Quebec homeowners say Ottawa must deal with decades of erosion caused by ship traffic


Vercher, Que. — Every year, 100-year-old Angélique Beauchemin watches her land collapse into the St. Lawrence River.

From her bustling riverside home in Vercher on the South Shore of Montreal, she hits a rock wall at the bottom of her property, clearing lumps and digging into unprotected banks from below. I’m looking at it.

She said the higher part of her land is sinking an inch or two a year because it slopes even steeper towards the river. She’s not a scientist, but she says her greatest fear is that one day a landslide will occur and the white house on the top of the hill where she lived for decades will collapse.

“It could go completely,” she said in a recent interview.

Despite her age, with the help of a cane, she wore a straw hat and sunglasses and made a steep hike down the slope to the river. At the bottom, she pointed to where the water has carved a bay on the shore since her last visit.

“This is even worse than before,” she said. “It’s not a relief.”

According to Beaukemin, the area under the wall was a small sandy beach where people could swim. Now she feels the rest of the rock walls and the remains of the concrete sidewalks that the inhabitants were able to wander from town to town were washed away by the end of summer.

Beaukemin is part of a group of people living in towns along the South Shore of Montreal, and the federal government is trying to counter the effects of coastal erosion, which they say are affecting animals and vegetation and damaging land. Is urging.

They say the culprit is a wave from a large ship passing through a narrow area of ​​St. Lawrence, devouring a rock wall and pulling away a cloudy soil vortex with ripples.

Michelin Lagard, chairman of the Residents’ Committee, formed in 2019, draws on an old article showing that the federal government built erosion prevention infrastructure along rivers in the 1960s and 1970s.

However, the federal program that funded the maintenance of the wall was eventually reduced and completely abolished in 1997. Since then, she said the walls have continued to collapse.

In an interview in the kitchen overlooking the river, Lagarde said people felt “totally abandoned” despite continued property damage.

“It’s like no one wants to take responsibility,” she said.

Lagarde said the residents had united to form a civic committee after lobbying parliamentarians for years. Since then, they have lobbied further, went to Ottawa, submitted 2,300 signed petitions, and tried to meet then-Minister of Transport, Marc Garneau, but failed.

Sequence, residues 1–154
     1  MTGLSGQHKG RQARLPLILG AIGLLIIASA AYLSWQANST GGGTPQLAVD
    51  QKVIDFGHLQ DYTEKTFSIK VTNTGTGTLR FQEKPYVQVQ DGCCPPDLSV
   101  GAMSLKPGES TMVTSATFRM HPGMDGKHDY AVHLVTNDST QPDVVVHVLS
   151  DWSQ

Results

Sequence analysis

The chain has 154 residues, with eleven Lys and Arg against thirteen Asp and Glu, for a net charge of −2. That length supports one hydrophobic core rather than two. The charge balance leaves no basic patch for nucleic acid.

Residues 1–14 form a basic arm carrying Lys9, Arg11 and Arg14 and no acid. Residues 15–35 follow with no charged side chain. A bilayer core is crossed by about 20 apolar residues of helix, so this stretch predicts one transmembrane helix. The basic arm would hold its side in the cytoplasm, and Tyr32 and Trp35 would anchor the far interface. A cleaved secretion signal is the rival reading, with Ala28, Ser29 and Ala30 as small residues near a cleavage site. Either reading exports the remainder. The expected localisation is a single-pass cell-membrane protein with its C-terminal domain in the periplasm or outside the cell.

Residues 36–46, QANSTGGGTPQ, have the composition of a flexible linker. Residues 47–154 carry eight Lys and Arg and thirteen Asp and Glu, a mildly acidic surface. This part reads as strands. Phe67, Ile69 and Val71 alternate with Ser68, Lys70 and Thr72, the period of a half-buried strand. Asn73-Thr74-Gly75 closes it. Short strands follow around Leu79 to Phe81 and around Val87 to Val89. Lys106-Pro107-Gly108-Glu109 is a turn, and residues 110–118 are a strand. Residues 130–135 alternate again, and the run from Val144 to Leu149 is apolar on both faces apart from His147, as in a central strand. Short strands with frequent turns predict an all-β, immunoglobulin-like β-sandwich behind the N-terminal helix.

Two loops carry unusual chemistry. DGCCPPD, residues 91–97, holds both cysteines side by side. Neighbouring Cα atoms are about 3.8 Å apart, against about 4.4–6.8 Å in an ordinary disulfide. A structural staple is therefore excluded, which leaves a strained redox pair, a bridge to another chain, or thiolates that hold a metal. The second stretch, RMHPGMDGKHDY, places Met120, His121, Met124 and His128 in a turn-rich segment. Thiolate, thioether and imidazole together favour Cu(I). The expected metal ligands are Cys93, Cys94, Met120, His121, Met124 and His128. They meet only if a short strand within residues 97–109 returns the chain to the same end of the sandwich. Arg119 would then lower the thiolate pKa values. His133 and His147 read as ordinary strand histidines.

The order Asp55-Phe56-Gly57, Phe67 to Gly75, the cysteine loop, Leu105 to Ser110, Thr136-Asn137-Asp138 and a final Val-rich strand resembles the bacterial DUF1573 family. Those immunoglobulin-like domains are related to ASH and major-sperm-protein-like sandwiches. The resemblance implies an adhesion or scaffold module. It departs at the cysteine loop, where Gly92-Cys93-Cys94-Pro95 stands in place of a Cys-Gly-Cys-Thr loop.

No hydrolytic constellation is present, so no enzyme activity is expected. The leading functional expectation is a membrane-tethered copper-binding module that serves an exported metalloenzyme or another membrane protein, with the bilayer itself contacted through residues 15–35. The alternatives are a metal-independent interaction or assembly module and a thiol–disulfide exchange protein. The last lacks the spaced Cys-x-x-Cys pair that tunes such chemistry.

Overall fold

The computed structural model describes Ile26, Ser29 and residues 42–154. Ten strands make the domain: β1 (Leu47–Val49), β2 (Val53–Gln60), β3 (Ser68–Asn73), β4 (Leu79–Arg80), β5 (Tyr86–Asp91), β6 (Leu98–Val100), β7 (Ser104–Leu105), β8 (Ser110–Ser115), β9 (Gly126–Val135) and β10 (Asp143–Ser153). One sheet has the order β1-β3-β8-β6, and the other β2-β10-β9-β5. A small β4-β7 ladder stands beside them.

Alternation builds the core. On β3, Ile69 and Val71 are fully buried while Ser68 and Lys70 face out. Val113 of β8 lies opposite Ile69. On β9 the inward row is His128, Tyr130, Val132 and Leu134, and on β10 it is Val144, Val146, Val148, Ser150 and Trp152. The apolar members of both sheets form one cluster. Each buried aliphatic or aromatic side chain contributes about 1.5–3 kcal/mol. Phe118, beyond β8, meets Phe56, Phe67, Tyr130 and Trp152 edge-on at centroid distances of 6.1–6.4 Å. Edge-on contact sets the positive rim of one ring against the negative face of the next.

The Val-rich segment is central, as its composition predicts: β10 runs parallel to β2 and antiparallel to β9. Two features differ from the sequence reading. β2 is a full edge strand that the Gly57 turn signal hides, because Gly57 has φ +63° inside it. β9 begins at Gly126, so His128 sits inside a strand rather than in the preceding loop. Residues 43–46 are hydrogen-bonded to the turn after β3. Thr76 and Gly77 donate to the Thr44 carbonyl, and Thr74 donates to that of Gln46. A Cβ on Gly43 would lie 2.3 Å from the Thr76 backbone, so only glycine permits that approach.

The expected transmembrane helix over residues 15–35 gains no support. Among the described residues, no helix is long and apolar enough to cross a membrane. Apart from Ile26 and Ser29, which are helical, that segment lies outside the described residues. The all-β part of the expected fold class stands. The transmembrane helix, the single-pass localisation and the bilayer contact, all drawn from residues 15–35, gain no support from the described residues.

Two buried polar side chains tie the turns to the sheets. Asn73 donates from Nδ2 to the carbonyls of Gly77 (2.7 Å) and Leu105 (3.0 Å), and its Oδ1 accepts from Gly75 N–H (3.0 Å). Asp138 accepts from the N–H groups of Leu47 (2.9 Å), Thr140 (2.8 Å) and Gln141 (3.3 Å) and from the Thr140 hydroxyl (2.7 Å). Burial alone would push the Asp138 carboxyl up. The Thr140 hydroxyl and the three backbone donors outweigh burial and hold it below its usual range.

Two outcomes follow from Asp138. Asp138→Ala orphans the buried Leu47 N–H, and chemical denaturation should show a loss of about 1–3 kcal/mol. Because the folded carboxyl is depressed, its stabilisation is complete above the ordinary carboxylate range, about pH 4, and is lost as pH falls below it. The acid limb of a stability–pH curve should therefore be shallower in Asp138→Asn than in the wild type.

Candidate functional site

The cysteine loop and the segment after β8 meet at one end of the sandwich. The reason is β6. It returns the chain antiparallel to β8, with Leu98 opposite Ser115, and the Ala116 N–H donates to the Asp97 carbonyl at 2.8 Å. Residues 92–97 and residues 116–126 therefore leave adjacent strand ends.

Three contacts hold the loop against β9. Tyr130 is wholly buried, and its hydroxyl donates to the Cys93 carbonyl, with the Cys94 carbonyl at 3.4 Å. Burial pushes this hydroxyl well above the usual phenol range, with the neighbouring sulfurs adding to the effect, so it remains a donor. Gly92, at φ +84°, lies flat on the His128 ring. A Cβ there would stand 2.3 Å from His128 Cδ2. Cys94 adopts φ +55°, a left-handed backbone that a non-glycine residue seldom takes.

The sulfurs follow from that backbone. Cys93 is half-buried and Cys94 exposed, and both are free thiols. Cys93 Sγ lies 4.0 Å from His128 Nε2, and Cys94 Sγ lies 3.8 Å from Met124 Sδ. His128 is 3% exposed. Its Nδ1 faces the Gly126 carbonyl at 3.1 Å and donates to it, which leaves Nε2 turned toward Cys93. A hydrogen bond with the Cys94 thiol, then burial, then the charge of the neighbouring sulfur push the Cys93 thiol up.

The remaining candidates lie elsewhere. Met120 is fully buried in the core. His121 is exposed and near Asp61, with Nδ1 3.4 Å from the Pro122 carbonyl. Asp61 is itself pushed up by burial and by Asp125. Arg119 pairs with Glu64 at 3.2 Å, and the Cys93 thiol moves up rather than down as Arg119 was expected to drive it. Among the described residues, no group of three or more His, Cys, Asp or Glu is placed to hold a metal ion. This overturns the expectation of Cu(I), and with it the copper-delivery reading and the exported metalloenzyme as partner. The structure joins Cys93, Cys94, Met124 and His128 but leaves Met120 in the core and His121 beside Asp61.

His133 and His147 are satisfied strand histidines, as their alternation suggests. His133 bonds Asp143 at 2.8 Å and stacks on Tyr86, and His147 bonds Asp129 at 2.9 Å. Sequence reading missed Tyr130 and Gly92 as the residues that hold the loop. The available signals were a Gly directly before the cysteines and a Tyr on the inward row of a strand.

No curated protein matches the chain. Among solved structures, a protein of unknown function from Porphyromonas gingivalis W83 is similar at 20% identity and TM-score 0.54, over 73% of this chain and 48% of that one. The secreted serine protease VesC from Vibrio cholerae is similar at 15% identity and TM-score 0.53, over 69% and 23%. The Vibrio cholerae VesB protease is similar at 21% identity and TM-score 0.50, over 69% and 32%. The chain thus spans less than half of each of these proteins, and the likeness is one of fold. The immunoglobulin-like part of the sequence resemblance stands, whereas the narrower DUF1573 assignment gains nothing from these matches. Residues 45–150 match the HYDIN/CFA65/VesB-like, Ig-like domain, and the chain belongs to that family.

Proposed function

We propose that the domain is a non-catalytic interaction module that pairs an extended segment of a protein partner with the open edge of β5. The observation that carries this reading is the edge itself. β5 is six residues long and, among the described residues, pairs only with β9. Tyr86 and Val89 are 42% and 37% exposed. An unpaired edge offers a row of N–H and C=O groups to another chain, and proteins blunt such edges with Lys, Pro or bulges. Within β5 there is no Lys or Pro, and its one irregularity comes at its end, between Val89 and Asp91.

According to Lagarde, building and repairing retaining walls yourself requires specialized contractors and engineers, and costs an estimated $ 5,000 to $ 6,000 per meter, so homeowners build them themselves. It is almost impossible to repair it. This means that the total bill for real estate can reach hundreds of thousands of dollars. She said that even if they wanted, the St. Lawrence River is under state and federal jurisdiction and may not even be granted permission.

Last week, Lagarde and Commission member Diane Lagarde took the Canadian Press to visit several facilities in Verscher and nearby Contrecoeur, Kenya. They pointed out lost trees and other vegetation, shed land masses, collapsed concrete and rock retaining walls.

John Massery’s house is about 9 meters from the water and has a lawn held down from the river by a 9-foot-high metal sheet pile wall built in the 1960s.

Last week, Massery walked along the base, pointing out a rusty place where water began to infiltrate. One side of the wall is fixed with a concrete base, about half of which is eroded, and the other side is fixed with an angled bar for digging grass.

“If they fail and the sheet piles are gone, the house is no longer habitable,” he said.

Masserey expressed concern about sheet piles almost 30 years ago when he wrote a letter to the federal government suggesting that the base was degraded by the effects of waves from ship traffic. According to a response from the Canadian Coast Guard in 1993, there was no federal funding for the restoration.

Masserey and Beauchemin are Varennes, Que. , Verchères, on behalf of the residents of Contrecoeur, participated in a class action proceeding against the federal government. The benefits have not yet been heard, but the $ 50 million lawsuit alleges that owners have experienced exacerbations of erosion beyond what occurs in the natural process of ships.

In a statement, the Ministry of Transport said it was aware of the erosion problem in the area and was tracking the problem with other partners.

“To protect banks, the federal government provided funding to build a protection structure in the 1960s. This program has since ended,” he wrote.

The Ministry of Transport said it has taken steps to mitigate the effects of waves generated by vessels, including issuing water level navigation notices, monitoring vessel speeds, and implementing voluntary deceleration measures in 2000. rice field.

The agency also said that erosion was not only due to ships, but also to “natural factors” such as ice, wind and ocean currents.

“Since these issues are outside the authority of the Ministry of Transport, this department does not have the program or funding to deal with coastal erosion associated with these factors,” said the department, saying that the river is responsible for the state and Said it is shared with the city.

Mr Lagarde said he did not oppose the class action proceedings, but hopes the issue will be resolved in a friendly manner.

She hopes to meet with the Federal Minister of Environment and Transport on repairing collapsing walls and work with scientists to come up with new eco-friendly ways to combat erosion.

Morgan Raleigh

Canadian press